During the last show of the Platinum Jubilee weekend, we had two of the Queen’s “younger” men give impassioned speeches. Prince Charles, destined to become the next King, made the crowd laugh when he referred to the Queen as “Mummy”. He is in his 70’s and “Mummy” she is still, but normally in public, she is Ma’am or Your Majesty.
Prince William gave her credit, giving a wonderful, impassioned speech about what the younger generation can do to improve our world. He is leading this field – he gave his speech having written it and learnt it by heart – no prompt cards for him. How many hours went into learning that speech? Few of us can even remember the first verse of the poem we need to know for school literature class! How beautifully he thanked his grandmother for all she has done and he remarked that few people today have grandmothers who actively can take part in life when/if they even reach half her age.
Yes, history has been made in our lifetime, whether we are pro the British monarchy, or not.
Queen Elizabeth II was born on April 21, 1926, to the Duke and Duchess of York, who later became King George VI and Queen Elizabeth (the Queen Mother). The Queen’s birthplace (one was often born at home in those days) is now a smart Cantonese restaurant, called Hakkasan, 17 Bruton Street in Mayfair. (I think a Chinese meal is a definite next visit.)
Queen Elizabeth is the longest reigning monarch ever in Britain; she reigned longer than her great-great grandmother, Queen Victoria.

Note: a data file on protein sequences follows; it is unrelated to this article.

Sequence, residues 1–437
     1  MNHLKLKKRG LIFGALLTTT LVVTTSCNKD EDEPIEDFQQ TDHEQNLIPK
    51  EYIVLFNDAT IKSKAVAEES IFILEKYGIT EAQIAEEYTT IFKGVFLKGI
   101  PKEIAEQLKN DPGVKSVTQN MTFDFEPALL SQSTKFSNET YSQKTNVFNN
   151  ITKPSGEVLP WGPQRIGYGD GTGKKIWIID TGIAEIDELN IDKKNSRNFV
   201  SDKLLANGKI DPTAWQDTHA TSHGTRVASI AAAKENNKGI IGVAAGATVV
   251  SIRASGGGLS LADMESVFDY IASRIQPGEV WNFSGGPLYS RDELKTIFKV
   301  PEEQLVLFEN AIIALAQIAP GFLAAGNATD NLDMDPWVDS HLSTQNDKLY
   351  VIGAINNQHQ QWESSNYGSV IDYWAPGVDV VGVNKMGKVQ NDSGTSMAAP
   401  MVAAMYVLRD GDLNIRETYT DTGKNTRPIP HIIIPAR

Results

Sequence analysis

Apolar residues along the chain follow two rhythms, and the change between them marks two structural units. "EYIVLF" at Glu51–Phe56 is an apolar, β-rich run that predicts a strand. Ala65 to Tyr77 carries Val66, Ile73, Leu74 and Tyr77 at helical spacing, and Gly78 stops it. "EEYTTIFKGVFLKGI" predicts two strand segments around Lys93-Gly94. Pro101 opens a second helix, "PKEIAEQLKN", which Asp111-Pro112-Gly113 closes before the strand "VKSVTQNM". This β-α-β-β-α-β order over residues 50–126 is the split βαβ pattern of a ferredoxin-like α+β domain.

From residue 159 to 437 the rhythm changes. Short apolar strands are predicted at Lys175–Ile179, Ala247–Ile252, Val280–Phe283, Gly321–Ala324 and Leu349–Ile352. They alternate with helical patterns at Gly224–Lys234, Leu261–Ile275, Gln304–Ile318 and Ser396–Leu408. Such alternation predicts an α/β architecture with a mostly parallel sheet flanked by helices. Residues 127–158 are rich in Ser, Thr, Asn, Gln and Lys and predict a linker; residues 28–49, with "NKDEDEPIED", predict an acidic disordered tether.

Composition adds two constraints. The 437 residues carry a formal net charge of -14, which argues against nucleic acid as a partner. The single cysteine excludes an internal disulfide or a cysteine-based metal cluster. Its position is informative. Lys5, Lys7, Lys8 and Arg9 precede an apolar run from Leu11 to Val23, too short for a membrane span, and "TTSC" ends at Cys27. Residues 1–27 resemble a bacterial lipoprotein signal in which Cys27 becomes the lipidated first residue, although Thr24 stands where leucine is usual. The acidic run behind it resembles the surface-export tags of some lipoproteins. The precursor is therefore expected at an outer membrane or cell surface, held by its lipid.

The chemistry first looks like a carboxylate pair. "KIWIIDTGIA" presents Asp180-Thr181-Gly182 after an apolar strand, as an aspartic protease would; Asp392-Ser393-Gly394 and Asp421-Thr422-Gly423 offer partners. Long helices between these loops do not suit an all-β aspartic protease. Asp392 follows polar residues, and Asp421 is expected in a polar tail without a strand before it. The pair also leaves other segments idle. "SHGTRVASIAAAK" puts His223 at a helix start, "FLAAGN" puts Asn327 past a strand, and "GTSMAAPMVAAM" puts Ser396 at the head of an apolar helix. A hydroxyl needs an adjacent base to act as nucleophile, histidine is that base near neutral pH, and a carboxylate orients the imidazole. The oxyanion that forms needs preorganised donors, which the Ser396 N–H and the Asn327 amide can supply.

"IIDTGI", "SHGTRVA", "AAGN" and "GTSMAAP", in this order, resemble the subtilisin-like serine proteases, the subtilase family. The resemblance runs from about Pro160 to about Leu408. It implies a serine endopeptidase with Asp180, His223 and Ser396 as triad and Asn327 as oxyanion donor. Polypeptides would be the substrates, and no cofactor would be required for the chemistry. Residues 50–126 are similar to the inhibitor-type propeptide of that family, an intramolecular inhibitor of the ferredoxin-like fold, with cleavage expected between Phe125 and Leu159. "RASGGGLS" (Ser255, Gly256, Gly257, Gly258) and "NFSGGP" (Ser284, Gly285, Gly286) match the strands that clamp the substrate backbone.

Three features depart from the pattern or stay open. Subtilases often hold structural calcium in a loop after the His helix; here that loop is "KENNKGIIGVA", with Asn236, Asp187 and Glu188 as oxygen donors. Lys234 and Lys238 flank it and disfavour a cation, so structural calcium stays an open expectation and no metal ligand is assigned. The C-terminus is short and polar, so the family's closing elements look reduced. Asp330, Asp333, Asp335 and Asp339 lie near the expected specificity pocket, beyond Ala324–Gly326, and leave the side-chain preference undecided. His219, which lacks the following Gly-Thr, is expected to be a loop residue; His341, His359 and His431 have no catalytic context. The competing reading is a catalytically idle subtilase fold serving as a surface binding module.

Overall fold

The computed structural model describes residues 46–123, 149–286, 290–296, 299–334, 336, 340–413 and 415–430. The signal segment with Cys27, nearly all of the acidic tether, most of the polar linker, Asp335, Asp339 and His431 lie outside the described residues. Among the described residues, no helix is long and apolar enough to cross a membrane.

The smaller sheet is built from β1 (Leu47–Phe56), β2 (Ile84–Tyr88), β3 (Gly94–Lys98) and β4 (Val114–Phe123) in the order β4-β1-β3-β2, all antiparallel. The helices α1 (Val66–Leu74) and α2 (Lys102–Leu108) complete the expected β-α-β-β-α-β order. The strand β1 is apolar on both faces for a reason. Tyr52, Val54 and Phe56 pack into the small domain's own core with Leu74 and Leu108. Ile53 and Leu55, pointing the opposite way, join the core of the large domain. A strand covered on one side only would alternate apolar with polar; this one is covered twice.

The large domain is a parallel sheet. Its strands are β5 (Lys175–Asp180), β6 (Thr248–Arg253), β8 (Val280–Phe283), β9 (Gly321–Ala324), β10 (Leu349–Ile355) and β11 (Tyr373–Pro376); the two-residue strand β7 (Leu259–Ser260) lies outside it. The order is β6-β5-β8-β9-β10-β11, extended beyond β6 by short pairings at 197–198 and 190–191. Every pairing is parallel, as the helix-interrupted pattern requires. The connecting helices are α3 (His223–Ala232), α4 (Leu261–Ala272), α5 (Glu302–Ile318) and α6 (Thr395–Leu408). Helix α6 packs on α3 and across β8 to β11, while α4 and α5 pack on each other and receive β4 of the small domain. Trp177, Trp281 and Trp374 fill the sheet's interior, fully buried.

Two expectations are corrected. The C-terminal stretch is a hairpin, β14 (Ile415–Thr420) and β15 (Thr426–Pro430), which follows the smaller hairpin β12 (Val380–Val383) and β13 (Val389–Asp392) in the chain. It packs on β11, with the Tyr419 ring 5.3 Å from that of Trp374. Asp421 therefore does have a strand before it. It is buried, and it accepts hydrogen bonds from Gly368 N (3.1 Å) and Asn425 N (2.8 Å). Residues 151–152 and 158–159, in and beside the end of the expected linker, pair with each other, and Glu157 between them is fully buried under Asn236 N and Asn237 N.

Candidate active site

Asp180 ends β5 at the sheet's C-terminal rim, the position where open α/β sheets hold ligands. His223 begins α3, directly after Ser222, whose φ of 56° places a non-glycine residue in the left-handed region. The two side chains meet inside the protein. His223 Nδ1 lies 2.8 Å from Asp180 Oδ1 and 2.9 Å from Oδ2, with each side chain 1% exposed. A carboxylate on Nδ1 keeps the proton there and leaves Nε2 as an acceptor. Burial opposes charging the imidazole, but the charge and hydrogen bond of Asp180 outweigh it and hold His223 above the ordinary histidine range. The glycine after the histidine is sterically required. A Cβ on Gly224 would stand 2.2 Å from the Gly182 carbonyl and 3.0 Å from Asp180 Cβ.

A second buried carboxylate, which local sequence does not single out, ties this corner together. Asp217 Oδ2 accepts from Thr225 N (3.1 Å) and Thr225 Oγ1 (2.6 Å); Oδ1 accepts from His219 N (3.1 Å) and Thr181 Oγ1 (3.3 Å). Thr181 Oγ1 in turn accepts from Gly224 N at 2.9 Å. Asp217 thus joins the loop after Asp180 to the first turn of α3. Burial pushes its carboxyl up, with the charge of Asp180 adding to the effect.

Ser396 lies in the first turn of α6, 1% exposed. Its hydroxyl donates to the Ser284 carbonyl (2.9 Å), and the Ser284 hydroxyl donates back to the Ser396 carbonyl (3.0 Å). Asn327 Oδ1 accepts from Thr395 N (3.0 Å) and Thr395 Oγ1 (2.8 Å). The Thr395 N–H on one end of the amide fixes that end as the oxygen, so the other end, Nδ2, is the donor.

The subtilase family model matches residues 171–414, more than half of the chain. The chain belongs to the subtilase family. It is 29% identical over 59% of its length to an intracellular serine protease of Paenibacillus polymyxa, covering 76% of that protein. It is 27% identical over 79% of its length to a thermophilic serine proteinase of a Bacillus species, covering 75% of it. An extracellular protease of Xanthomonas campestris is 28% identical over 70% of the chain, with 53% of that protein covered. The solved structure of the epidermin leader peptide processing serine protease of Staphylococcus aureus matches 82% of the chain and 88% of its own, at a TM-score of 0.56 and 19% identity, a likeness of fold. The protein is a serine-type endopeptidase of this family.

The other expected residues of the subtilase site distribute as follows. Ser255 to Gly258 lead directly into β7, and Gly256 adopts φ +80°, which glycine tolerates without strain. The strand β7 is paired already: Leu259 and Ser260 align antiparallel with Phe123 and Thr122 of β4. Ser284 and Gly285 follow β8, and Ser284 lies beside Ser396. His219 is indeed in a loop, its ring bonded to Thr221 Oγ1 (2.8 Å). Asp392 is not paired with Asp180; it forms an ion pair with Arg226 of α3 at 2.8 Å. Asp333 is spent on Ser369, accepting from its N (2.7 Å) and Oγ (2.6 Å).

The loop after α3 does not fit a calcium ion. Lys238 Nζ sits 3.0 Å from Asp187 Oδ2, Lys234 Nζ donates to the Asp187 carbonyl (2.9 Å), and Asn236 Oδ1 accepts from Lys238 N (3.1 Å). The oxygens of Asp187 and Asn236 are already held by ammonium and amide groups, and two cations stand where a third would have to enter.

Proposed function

She was crowned Queen on June 2, 1953. She rode in a golden carriage built in 1762. It gives a very painstaking and rather sea-sick ride by all accounts. The extremely heavy carriage needs eight strong horses to pull it. This carriage only appears for a few big events and has not been on the road for the last 20 years, making an appearance again on this special occasion.
The Queen’s position is not political – she has been served by 14 UK Prime Ministers.
Her favourite dogs are corgis; once these dogs had their tails docked at birth, but this has changed during her reign and the tails are left intact these days. This Platinum Jubilee saw the first ever Corgi Derby – a dog race on the grass of a racecourse. It was a rather funny event with some of the dogs charging around being chased by their owners before the race began.